The four pillars of play

Children are inclined to creative exploration and imagining.

Give a child a box of blocks and you’re giving them everything they need to create castles, houses, entire planets, robot friends, and so much more. Give an adult a box of blocks though and… well, you probably won’t see as much innovative construction.

Why is that?

Laura Seargeant Richardson shows us that the reason adults – and now more often than not: older children – lack open minds is because we are designed to be players in the game of life, rather than creators.

In The Four Secrets of Playtime That Foster Creative Kids Laura walks us through what it takes to ensure children maintain their creative attitudes as they grow older, but the article also demonstrates what it takes to make anyone rekindle youthful creativity. Laura writes: “All adults ultimately need to re‒imagine how we can enable and support [change] … The answer may lie in four foundational pillars of play: open environments, flexible tools, modifiable rules, and superpowers.”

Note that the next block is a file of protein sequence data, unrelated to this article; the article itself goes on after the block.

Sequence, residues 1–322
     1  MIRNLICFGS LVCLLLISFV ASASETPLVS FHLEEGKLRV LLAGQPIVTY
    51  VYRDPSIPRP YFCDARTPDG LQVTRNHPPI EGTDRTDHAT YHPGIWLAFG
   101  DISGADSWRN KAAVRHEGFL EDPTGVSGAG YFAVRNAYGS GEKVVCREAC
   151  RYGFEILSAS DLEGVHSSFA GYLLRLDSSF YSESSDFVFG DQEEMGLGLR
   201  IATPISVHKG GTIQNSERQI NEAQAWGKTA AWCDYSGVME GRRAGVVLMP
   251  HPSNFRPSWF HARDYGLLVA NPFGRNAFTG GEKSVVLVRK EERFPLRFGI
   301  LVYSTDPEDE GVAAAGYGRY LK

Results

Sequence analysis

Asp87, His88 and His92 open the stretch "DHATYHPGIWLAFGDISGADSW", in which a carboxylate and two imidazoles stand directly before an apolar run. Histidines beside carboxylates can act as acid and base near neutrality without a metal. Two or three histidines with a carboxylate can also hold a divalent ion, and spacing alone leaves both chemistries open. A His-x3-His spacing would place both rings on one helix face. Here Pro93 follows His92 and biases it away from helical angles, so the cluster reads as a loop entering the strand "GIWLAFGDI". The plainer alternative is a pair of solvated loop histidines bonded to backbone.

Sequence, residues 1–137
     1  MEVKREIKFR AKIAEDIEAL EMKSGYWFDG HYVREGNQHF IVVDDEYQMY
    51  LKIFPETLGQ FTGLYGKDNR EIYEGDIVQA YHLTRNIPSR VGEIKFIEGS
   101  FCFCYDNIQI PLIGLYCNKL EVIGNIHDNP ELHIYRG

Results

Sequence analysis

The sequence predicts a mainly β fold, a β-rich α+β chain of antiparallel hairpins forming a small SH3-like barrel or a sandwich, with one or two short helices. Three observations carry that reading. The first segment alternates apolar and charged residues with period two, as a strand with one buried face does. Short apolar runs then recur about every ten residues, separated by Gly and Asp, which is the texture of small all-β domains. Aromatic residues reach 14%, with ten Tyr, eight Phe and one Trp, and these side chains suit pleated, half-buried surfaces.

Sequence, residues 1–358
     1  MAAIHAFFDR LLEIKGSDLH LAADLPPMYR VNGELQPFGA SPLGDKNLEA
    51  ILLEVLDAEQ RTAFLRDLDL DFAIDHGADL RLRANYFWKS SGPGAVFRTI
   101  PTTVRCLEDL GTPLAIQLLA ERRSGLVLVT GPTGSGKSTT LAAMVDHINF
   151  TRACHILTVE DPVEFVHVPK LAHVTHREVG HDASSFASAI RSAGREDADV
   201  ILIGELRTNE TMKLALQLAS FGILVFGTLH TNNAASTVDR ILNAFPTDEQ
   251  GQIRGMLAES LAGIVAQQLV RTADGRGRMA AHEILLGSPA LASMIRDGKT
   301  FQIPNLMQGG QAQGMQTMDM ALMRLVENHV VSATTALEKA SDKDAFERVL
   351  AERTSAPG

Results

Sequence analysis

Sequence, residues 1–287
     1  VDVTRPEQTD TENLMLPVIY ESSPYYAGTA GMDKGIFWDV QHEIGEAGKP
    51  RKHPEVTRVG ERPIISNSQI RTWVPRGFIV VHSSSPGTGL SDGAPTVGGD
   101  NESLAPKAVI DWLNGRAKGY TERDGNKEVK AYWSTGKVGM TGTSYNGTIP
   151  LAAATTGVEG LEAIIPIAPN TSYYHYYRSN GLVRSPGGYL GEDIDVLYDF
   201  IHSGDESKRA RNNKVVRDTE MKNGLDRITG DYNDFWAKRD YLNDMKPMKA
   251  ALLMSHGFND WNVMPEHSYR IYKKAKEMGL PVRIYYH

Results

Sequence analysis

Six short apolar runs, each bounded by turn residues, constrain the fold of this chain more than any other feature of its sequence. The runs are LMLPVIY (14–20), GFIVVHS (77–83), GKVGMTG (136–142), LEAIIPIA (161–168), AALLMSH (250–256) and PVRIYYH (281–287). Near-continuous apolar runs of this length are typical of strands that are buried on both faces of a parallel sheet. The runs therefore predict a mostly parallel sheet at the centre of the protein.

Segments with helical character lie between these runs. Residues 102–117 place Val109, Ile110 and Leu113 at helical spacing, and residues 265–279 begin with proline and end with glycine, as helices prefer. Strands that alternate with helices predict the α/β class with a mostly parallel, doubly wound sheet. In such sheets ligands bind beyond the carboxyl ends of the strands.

The article does a lot to describe the creative crunch we’re imposing on children these days, but also demonstrates a lot of the unnecessary restrictions we place on adults and ourselves as well.

Read the entire article (I promise it’s worth five minutes) and consider this question for today: how can you use open environments, flexible tools, modifiable rules (even if you have to make them up yourself), and imaginary superpowers to become more creative today? What’s stopping you?